Last month, Australian Open tournament director and Tennis Australia CEO Craig Tiley had said that all players wishing to participate in the tournament in Melbourne must have proof of single or double vaccination or provide proof of medical exemption.
There was speculation around the world number 1 joining the tournament after he withdrew from the ATP cup in Sydney last week.
On Tuesday, Djokovic, 34, ended speculation over his participation with a post on his social media, where he stated that he would be traveling to Australia with a Covid-19 vaccination exemption.
The post said, “I’ve spent fantastic quality time with my loved ones over the break and today I’m heading Down Under with an exemption permission. Let’s go 2022!”
The post sparked widespread outrage against the Australian Open authorities as well as the Victoria administration for allowing the exemption.
Stephen Parnis, former vice president of the Australian Medical Association said in a tweet: “I don’t care how good a tennis player he is. If he’s refusing to get vaccinated, he shouldn’t be allowed in.”
“If this exemption is true, it sends an appalling message to millions seeking to reduce #COVID19Aus risk to themselves & others. #Vaccination shows respect, Novak.”
Former Football player Kevin Bartlett tweeted: “Novak Djokovic is the greatest tennis player ever. Forget Laver, Agassi ,Federer, Sampras, Nadal, McEnroe, Connors and Borg for Novak has won 20 Grand Slams and 87 titles and a billion dollars without us knowing he had a debilitating medical problem.”
“We have been taken for fools.”
The move also sparked political backlash.
Victorian deputy liberal leader David Southwick tweeted: “We have had 6 lockdowns - schools and small businesses closed, funerals and weddings told not to go ahead, families separated for months on end and now a tennis star gets an exemption.”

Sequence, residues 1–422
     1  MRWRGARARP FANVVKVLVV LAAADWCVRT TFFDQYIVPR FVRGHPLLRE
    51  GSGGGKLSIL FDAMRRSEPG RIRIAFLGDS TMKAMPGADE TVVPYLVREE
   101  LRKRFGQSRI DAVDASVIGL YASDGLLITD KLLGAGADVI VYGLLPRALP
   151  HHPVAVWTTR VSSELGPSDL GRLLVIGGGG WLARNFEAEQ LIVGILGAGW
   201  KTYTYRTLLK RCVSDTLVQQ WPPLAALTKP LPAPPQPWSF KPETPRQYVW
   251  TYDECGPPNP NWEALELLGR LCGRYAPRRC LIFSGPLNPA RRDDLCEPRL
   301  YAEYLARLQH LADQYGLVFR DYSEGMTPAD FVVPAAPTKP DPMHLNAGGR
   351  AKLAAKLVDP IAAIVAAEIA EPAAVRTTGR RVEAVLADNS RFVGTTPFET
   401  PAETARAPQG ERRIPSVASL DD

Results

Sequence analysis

“A kick in the guts to every Victorian.”
Tournament authorities however said that his exemption had been granted to Djokovic, who has not disclosed his vaccination status, after a “rigorous review process” involving two separate panels of independent medical experts.
In a press conference on Wednesday, Mr Tiley put the onus on Djokovic to explain the reasons of his exemption.
“Some of you will be upset about the fact that Novak has come in because of his statements of the past couple of years around vaccination,” Mr Tiley said.
“However, it’s ultimately up to him to discuss with the public his condition if you choose to do that, and the reason why he received an exemption. We as an event, also as a state, as a country, will do everything we possibly can to give everyone an equal opportunity to come into the country.”
Victoria’s employment minister Jaala Pulford also denied that the government has given special treatment to the player while thousands of Victoria residents spent Christmas in isolation in keeping with the guidelines to curb the spread of Omicron.
“I wanted to recognise and acknowledge that this outcome is something that many of the Victorian community find frustrating and upsetting,” Ms Pulford was quoted as saying in The Guardian.
“But I want to make absolutely clear that as has been the case the whole time, no one is receiving special treatment because of who they are or what they have achieved professionally.”
In 2020 Djokovic tested positive for Covid-19 amid a string of controversial moments during lockdown.
Subsequently in 2021 he won the Australian Open, French Open and Wimbledon titles but was defeated in the finals of the Olympic Games and the US Open.
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